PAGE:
6. Supernova neutrinos and explosive nucleosynthesis

    SciTech Connect

    Kajino, T.; Aoki, W.; Cheoun, M.-K.; Hayakawa, T.; Hidaka, J.; Hirai, Y.; Shibagaki, S.; Mathews, G. J.; Nakamura, K.; Suzuki, T.

    2014-05-09

    Core-collapse supernovae eject huge amount of flux of energetic neutrinos. We studied the explosive nucleosyn-thesis in supernovae and found that several isotopes {sup 7}Li, {sup 11}B, {sup 92}Nb, {sup 138}La and {sup 180}Ta as well as r-process nuclei are affected by the neutrino interactions. The abundance of these isotopes therefore depends strongly on the neutrino flavor oscillation due to the Mikheyev-Smirnov-Wolfenstein (MSW) effect. We discuss first how to determine the neutrino temperatures in order to explain the observed solar system abundances of these isotopes, combined with Galactic chemical evolution of the light nuclei and the heavy r-process elements. We then study the effects of neutrino oscillation on their abundances, and propose a novel method to determine the still unknown neutrino oscillation parameters, mass hierarchy and θ{sub 13}, simultaneously. There is recent evidence that SiC X grains from the Murchison meteorite may contain supernova-produced light elements {sup 11}B and {sup 7}Li encapsulated in the presolar grains. Combining the recent experimental constraints on θ{sub 13}, we show that our method sug-gests at a marginal preference for an inverted neutrino mass hierarchy. Finally, we discuss supernova relic neutrinos that may indicate the softness of the equation of state (EoS) of nuclear matter as well as adiabatic conditions of the neutrino oscillation.

  7. Sterile Neutrinos

    NASA Astrophysics Data System (ADS)

    Palazzo, Antonio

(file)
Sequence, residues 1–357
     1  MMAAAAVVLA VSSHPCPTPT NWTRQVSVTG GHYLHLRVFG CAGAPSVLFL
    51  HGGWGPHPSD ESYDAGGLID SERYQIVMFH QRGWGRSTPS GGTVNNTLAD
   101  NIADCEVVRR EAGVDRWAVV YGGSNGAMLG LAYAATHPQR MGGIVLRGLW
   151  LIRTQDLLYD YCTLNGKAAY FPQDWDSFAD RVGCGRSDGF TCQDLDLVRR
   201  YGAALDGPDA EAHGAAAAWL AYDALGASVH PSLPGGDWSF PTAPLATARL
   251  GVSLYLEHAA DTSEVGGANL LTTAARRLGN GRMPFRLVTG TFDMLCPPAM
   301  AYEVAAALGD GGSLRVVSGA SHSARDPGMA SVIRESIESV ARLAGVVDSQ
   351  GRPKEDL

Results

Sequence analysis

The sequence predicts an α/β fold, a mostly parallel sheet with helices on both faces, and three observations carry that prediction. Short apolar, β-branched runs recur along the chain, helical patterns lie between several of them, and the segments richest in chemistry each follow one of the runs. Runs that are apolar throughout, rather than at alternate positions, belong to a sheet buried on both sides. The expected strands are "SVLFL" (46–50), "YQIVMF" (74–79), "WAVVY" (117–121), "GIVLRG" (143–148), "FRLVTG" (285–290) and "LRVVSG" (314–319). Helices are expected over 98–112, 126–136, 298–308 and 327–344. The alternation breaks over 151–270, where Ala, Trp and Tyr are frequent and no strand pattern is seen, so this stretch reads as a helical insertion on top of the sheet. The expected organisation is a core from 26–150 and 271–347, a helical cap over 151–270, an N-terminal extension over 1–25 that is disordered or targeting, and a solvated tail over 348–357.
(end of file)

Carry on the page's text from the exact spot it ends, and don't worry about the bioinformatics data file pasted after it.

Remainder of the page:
2016-05-01

    Several anomalies recorded in short-baseline neutrino experiments suggest the possibility that the standard 3-flavor framework may be incomplete and point towards a manifestation of new physics. Light sterile neutrinos provide a credible solution to these puzzling results. Here, we present a concise review of the status of the neutrino oscillations within the 3+1 scheme, the minimal extension of the standard 3-flavor framework endowed with one sterile neutrino species. We emphasize the potential role of LBL experiments in the searches of CP violation related to sterile neutrinos and their complementarity with the SBL experiments.

  8. Are there sterile neutrinos at the eV scale?

    PubMed

    Kopp, Joachim; Maltoni, Michele; Schwetz, Thomas

    2011-08-26

    New predictions for the antineutrino flux from nuclear reactors suggest that reactor experiments may have measured a deficit in this flux, which can be interpreted in terms of oscillations between the known active neutrinos and new sterile states. We perform a reanalysis of global short-baseline neutrino oscillation data in a framework with one or two sterile neutrinos. While one sterile neutrino is still not sufficient to reconcile the signals suggested by reactor experiments and by the LSND and MiniBooNE experiments with null results from other searches, we find that, with the new reactor flux prediction, the global fit improves considerably when two sterile neutrinos are introduced.

  9. Atmospheric neutrinos observed in underground detectors

    NASA Technical Reports Server (NTRS)

    Gaisser, T. K.; Stanev, T.

    1985-01-01